Editor's Note: Science Scan is a roundup of recently published biotechnology-relevant research.

Stem cells have a huge potential in medical therapy because it's in their nature to differentiate into many different cell types. They potentially provide replacements for cells that have been permanently lost by a patient (or a mouse).

An example would be a neurodegenerative malady such as Parkinson's disease, in which neurons that secrete dopamine are lost from the brain. Stem cells may ameliorate that condition by regenerating the missing neurons. Another example is Type I diabetes mellitus in which beta cells are lost from the pancreas. They might be treated by generating new beta cells.

As a rule, gestational cells develop along a pathway of increasing specialization. In humans and other mammals, those developmental events are controlled by mechanisms and signaling pathways that researchers are only beginning to comprehend. One of science's great challenges is to find ways of selectively differentiating embryonic stem cells (ESCs) into specific cell types of interest. "It's hard to control which specific lineage the stem cells differentiate into," observes Xu Wu, a doctoral candidate in the Kellogg School of Science and Technology at the Scripps Research Institute in La Jolla, Calif.

He and his colleagues have identified a small synthetic molecule that can control the fate of embryonic stem cells. "This compound," Wu volunteered, "is called Cardiogenol C. It causes mouse embryonic stem cells to selectively differentiate into cardiomyocytes,' or heart muscle cells. This is an important step on the road to developing new therapies for repairing damaged heart tissue. Likewise," he went on, "a damaged heart, which is composed mainly of cardiac muscle cells that the body may be unable to replace, could potentially be repaired with new muscle cells derived from stem cells."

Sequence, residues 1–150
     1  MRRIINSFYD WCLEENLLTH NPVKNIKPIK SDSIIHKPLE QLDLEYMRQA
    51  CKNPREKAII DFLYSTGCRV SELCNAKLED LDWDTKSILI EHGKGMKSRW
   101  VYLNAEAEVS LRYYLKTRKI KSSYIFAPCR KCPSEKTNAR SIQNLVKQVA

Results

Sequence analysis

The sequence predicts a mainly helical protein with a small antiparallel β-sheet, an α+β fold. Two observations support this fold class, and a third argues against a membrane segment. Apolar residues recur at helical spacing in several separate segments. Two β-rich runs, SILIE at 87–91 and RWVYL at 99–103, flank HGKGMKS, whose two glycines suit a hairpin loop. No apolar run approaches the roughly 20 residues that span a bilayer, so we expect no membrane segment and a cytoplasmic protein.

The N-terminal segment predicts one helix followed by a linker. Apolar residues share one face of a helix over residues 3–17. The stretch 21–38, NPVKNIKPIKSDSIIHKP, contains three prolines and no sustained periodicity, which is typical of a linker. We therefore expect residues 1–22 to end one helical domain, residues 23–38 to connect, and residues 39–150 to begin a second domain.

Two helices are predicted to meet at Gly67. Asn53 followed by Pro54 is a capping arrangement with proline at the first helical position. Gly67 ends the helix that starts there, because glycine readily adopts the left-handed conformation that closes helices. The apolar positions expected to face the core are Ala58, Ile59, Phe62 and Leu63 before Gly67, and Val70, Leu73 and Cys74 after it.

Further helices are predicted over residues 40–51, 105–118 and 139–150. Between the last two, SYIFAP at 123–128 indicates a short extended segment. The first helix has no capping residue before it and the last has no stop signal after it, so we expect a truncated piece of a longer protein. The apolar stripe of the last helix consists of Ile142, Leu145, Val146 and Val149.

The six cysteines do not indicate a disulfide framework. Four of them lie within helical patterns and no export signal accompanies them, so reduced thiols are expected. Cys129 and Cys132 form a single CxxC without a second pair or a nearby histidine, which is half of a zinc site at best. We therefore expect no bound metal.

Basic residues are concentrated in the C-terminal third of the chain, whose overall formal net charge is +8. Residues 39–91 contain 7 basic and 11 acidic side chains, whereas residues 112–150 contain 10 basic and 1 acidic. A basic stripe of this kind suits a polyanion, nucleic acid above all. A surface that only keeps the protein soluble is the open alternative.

Wu is first author of the study to be published in an upcoming issue of the Journal of the American Chemical Society. Its senior author is chemical biologist Peter Schultz, a professor at Scripps. The paper is titled "Small molecules that induce cardiomyogenesis in embryonic stem cells." It was released online Jan. 3, 2004, by the journal.

The Scripps scientists reasoned that if stem cells were exposed to certain synthetic chemicals, they might selectively differentiate into particular types of cells in the body. To test that hypothesis, they screened some 100,000 small molecules from a combinatorial library that they synthesized. From the assortment they designed a method to identify molecules able to differentiate mouse embryonic stem cells into heart muscle cells. Cardiogenol C proved to be effective at directing more than half of their tests to thus differentiate. Existing methods reportedly result in merely a 5 percent success rate of their tested stem cells - namely ESCs - turning into cardiomyocytes.

The Genomics Institute of Novartis Research Foundation collaborated in the embryonic stem cell research project.

Metabolic Syndrome' - Obesity, Low HDL-Cholesterol, Impaired Glucose Tolerance - Hits Hispanic Youth